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SolmeteX, LLC v. Apavia LLC

United States District Court, D. Massachusetts

February 25, 2016

SOLMETEX, LLC, Plaintiff,
v.
APAVIA LLC, DENTALEZ INC., AND RAMVAC DENTAL PRODUCTS INC., Defendants

          For SolmeteX, LLC, Plaintiff: Aaron D. Rosenberg, LEAD ATTORNEY, Daniel J. Lyne, Steven M. Veenema, Murphy & King, PC, Boston, MA.

         For Apavia, LLC, Defendant: David Koha, Julie Rising Bryan, Casner & Edwards LLP, Boston, MA.

         For DentalEZ, Inc., RAMVAC Dental Products, Inc., Defendants: Robert J. Kaler, Holland & Knight LLP, Boston, MA; Steven L. Caponi, PRO HAC VICE, Blank Rome LLP, Wilmington, DE.

         MEMORANDUM AND ORDER ON APAVIA, LLC'S MOTION TO DISMISS (Docket No. 39)

         TIMOTHY S. HILLMAN, DISTRICT JUDGE.

         SolmeteX, LLC (Plaintiff) and Apavia, LLC (Apavia or Defendant) manufacture competing amalgam separators that are used to remove amalgam particles from dental wastewater streams. Plaintiff's amalgam separator is sold under the mark " Hg5." Plaintiff alleges that Apavia, as well as its distributors, RAMVAC Dental Products, Inc. (RAMVAC) and DentalEZ, Inc. (DentalEZ), are infringing on Plaintiff's federally registered trademark by marketing their product under the name " Amalgam HoG." Apavia moves to dismiss all claims against it, on the ground that it was not involved in developing the allegedly

Page 193

infringing name. For the reasons set forth below, Apavia's motion (Docket No. 39) is denied.

         Background

         The following facts, taken from Plaintiff's verified complaint and attached exhibits, are assumed true for the purposes of this motion. Since 2000, Plaintiff has been manufacturing and distributing a line of amalgam separators under the mark " Hg5." The mark was federally registered in 2002. Enpress, LLC (Enpress), a water filtration company, is the parent company of Apavia. Between 2013 and 2014, one of Plaintiff's executives provided confidential information to senior executives of Enpress. This information included Plaintiff's commission structures, dealer pricing, manufacturing processes, manufacturing costs, testing procedures, customer relationships, and financial results and revenue projections. Several of these Enpress executives then formed Apavia, which began manufacturing and selling a new amalgam separator that competes with the Hg5.[1]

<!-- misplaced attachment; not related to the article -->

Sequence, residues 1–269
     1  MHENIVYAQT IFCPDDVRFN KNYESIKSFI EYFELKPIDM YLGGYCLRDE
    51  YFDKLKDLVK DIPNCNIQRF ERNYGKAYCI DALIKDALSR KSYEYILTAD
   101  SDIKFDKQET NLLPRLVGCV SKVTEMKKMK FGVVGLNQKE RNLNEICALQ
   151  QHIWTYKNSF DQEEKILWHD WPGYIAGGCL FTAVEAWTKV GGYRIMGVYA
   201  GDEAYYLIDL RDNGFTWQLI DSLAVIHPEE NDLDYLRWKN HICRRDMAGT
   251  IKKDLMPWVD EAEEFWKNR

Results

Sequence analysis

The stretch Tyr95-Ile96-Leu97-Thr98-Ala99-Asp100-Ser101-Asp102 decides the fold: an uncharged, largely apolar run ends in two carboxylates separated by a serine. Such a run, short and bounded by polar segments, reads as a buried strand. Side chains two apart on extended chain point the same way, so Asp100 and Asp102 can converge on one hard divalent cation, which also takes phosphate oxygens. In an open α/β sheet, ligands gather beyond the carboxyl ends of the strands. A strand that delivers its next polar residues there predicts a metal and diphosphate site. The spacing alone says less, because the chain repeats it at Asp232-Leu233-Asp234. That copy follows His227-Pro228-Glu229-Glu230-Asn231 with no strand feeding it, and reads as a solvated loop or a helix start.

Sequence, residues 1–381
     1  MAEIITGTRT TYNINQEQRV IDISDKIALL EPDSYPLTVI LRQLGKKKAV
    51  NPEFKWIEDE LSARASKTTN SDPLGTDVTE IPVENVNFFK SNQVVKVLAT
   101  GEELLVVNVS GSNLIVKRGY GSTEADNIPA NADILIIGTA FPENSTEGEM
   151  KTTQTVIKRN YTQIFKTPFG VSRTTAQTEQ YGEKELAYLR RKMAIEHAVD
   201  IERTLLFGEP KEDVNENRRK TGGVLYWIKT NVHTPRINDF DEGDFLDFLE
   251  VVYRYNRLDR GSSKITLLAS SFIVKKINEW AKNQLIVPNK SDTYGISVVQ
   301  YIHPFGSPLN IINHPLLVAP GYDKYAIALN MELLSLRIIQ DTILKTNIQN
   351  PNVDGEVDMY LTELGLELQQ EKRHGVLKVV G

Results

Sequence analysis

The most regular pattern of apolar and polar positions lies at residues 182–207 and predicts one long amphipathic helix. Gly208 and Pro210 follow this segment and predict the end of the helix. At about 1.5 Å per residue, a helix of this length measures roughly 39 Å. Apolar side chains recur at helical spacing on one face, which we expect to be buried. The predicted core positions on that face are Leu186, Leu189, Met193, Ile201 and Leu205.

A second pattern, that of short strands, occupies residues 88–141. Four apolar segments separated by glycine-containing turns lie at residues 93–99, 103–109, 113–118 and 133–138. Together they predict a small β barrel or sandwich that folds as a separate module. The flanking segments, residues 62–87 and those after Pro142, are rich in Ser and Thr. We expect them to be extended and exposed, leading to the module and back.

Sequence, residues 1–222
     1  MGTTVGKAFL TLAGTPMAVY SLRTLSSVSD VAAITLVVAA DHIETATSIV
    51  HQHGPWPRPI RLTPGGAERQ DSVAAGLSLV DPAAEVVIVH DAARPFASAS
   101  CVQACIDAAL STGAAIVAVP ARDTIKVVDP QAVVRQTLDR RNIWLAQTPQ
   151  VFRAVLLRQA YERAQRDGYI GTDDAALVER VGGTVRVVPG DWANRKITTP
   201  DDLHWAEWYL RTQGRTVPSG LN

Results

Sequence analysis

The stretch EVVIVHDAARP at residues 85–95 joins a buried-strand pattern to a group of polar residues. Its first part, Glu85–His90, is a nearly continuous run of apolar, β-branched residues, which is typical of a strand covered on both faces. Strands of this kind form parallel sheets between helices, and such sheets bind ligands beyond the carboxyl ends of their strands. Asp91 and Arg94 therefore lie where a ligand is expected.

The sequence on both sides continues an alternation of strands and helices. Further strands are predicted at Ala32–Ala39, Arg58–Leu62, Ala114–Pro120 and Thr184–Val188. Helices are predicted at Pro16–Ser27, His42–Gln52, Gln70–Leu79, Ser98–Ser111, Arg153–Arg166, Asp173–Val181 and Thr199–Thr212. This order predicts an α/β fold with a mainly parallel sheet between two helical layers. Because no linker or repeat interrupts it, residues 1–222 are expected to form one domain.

The two other Defendants, DentalEZ and RAMVAC, are former authorized resellers of the Hg5. They now resell Apavia's amalgam separator instead. Plaintiff alleges that, " [o]n a date as yet uncertain, Apavia approached RAMVAC and DentalEZ with the intention of using RAMVAC's and DentalEZ's well-known connection with the Hg5 to market Apavia's separator using intentionally similar marks." (Docket No. 1 at ¶ 36.) At the Chicago Dental Society's Mid-Winter Meeting in February of 2015, Apavia, RAMVAC, and DentalEZ unveiled the new amalgam separator, calling it the " Amalgam HoG." The full name of the new product, as shown on product labels and marketing materials, is " RAMVAC Amalgam HoG, powered by Apavia." (Docket No. 1-5 at 3.)

         In October of 2015, Plaintiff brought the instant suit against Apavia, DentalEZ, and RAMVAC, asserting the following counts against all Defendants: trademark infringement in violation of 15 U.S.C. § 1114 (count I); false designation of origin in violation of 15 U.S.C. § 1125(a) (count II); state law trademark infringement in violation of Mass. Gen. Laws ch. 110H, § 13 (count III); state law trademark dilution in violation of Mass. Gen. Laws ch. 110H, § 13 (count IV); and violation of Mass. Gen. Laws ch. 93A, § 11 (count V). Plaintiff also moved for a preliminary injunction, which this Court denied in December of 2015, based on a low likelihood of success on the merits. Apavia now moves, pursuant to Rule 12(b)(6) of the Federal Rules of Civil Procedure, to dismiss all counts against it.

         Standard of Review

         To survive a Rule 12(b)(6) motion to dismiss, " a complaint must contain sufficient factual matter, accepted as true, to 'state a claim to relief that is plausible on its face.'" Ashcroft v. Iqbal, 556 U.S. 662, 678, 129 S.Ct. 1937, 173 L.Ed.2d 868 (2009) (quoting Bell A. Corp. v. Twombly, 550 U.S. 544, 570, 127 S.Ct. 1955, 167 L.Ed.2d 929 (2007)). " A claim has facial plausibility when the plaintiff pleads factual content that allows the court to draw the reasonable inference that the defendant is liable for the misconduct alleged." Id. (citing Twombly, 550 U.S. at 570). Detailed factual allegations are not necessary to survive a motion to dismiss; however, the ...


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